Your description of the man looking at you is telling. This guy wasn’t content with esthetic appreciation, it was a dominance move – he wanted you to know. So that really is a violation, albeit a subtle one. Guys are well aware they are doing this (and actually do something similar in spirit to other guys, though the message in that case is threat/dominance). Responding to that gaze with returned hunger, or anger, fear or disgust feeds the intent behind it – a sexualized dominance move. What does one do about such a provocation? I don’t know the answer, unless it is to remain indifferent. It strikes me that indifference is the proof you’ve either not internalized the gaze, or you’ve grown past that internalization. Confidence means you no longer have to feel threatened.

[Maybe martial arts classes?]

But all that being said, there’s no denying the appeal of the objectification – the appeal of the power in an involuntary response, reinforcing the idea that I am so potent/hot, that people cannot help but respond to me: the appeal of being able to avoid vulnerability while in an intimate position. There is a slavering, hungering part of me that would like to see you squirming like a bug on a pin, overwhelmed by the intensity of your arousal as you sit looking at porn, or thinking of me – objectifying me in the same manner I might want to objectify you. Is this my inner-misogynist rearing his ugly, Neanderthal-like head? Or is this merely my limbic system reminding me of the undeniable procreative imperative, for the moment circumventing the modulating effect of my cortex and jolting me with the raw energy of promised biological satiation?

Hard to say, though denying that this aspect of your post is hot hardly seems like a solution to me. Denial is not liberating. Denial is a conscious abdication, in the face of overwhelming challenge; If denial is what the blamers advocate, then they have also become part of the problem. We’ll recognize the viability of a solution when acceptance of a mindset means the problem no longer makes sense.

I think the blamers are also invested in the Patriarchy. Railing against it gives them power – a power they’d lose if the patriarchy vanished. I don’t think they want to give up their titillating rebellion, any more than many Christians want to give up on Evil – evil can create or intensify so much fun! Part of the intense charge in “progressive” sex is the idea that you’re engaging in something that might be considered shameful. The intensity of the moment when the minister yields to the wiles of the vixen parishioner far surpasses the intensity of (perhaps stale) marital conjugation – now imagine the intensity of you add sodomy to the menu! I’m afraid to speculate what the analogue might be in the community of blamers (or at least afraid to voice my speculations – insert tacky porn soundtrack here).

Christian erotica, eh? I’m glad there are Christians able to acknowledge the virtues of tingly body parts. I’m sort of fond of Christians, and some of what they say makes sense. ”By their fruits ye shall know them” is one that strikes me as helpful, from time to time. One of the fruits of the patriarchy is the forbidden one – an idea that’s provided at least as much titillation and entertainment as shame. But the fruits of the patriarchy are too-often bitter. The fruits of the blamers - arguments like eliminating men from humanity - strike me as fruit both sour and foul. Objectification indeed.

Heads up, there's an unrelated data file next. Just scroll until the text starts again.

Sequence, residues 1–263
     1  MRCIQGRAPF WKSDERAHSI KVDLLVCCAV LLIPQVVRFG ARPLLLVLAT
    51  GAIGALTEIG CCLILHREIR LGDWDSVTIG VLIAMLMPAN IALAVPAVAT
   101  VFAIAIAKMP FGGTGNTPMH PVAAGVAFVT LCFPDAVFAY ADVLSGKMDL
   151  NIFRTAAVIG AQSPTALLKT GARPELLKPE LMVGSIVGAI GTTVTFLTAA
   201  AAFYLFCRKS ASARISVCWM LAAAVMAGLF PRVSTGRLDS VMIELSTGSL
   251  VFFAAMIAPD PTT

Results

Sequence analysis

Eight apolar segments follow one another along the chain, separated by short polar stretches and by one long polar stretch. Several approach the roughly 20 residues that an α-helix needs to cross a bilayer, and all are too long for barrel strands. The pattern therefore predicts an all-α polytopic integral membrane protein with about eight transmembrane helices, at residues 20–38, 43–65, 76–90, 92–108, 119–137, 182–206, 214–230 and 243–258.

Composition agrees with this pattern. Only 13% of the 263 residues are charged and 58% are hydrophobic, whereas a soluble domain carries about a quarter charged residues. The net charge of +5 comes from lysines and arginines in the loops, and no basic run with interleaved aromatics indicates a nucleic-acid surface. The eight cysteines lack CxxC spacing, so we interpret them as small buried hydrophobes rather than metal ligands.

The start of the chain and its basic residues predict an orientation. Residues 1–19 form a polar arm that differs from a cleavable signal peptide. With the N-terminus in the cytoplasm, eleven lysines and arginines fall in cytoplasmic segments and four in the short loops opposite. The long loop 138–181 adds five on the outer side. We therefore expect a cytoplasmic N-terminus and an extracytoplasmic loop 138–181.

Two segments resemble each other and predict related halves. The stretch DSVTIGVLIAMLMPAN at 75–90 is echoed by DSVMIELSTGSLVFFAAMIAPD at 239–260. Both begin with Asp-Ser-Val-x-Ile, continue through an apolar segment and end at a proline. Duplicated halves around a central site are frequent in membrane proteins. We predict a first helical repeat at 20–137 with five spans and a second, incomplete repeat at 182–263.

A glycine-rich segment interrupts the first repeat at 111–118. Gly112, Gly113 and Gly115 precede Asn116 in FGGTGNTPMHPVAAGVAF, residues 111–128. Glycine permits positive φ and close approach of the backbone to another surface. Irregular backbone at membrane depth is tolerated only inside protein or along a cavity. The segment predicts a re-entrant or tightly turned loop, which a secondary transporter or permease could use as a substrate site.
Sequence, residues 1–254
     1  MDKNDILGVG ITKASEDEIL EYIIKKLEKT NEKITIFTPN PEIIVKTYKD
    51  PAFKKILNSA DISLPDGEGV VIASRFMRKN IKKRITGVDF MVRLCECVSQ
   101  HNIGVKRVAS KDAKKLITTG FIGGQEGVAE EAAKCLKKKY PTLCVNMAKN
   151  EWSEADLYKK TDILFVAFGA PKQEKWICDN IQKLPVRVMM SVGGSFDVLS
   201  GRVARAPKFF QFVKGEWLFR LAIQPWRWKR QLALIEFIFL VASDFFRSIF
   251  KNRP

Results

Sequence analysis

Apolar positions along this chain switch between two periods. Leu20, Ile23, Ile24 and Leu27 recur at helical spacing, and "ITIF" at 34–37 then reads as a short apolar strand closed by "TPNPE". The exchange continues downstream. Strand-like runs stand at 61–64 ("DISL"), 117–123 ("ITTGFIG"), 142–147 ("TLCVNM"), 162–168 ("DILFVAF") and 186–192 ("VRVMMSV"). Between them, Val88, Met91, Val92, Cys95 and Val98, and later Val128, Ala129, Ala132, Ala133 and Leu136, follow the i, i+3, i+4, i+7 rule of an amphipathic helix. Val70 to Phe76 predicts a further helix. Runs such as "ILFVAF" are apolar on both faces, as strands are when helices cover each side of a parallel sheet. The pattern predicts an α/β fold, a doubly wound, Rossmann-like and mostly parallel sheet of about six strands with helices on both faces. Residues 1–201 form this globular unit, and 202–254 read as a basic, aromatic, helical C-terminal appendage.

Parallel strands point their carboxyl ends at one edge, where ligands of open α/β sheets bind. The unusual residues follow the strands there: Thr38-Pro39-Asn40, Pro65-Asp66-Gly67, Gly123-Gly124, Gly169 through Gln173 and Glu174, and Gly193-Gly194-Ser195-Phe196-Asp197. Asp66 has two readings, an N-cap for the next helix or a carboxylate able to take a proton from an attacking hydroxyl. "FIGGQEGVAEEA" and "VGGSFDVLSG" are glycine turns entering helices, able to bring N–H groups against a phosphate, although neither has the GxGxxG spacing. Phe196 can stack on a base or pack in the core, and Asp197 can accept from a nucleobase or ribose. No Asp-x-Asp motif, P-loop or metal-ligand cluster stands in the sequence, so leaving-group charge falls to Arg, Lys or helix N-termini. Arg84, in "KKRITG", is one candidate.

Embracing the tactics of ones opponent is hardly consistent with the pursuit of a morally superior position.

Bondage gear?

PS. If I get aroused when I see the brilliance of someone’s mind, or am taken with the eloquence of their poetry or prose, am I objectifying them? Not like I’m going to make a conscious effort to avoid any sexualized appreciation, or anything – just curious about your thoughts.


Catnapping said...

hmm….alluva sudden I wanna talk about the 5th grade, learning about kinetic v. latent energy…

As it turns out, I was quite a stunning woman in my 20s and 30s. If I’d been a rock, I coulda rolled up and down the Himalayans.

...I had no idea. None. I wielded no power, though according to you I had it right there in my back pocket. And looking back, it probably smoothed out few bumps for me. Every job I ever applied for, usually leaving the interview with the welcome packet.

Funny thing though…my looks might have gotten me into a few doors, but that’s about it. My gorgeous, dickless body got in my way, most of the time. Until I went into nursing, I watched idiots hand morons titles to jobs I was already doing.

In the late 70s, was fired from my last job in Retail. I was working at Montgomery Wards. I was next in line for a manager’s position in hardware. I didn’t get it. Some lazy, always-late-for-work, first-baseman-on-the-company’s-softball-league-team got it. The first week he was promoted, he got in my face because I refused to continue some particularly tedious paperwork I’d been doing…work that was not in my job description, but I’d been doing it because I thought it would soon be in my job description…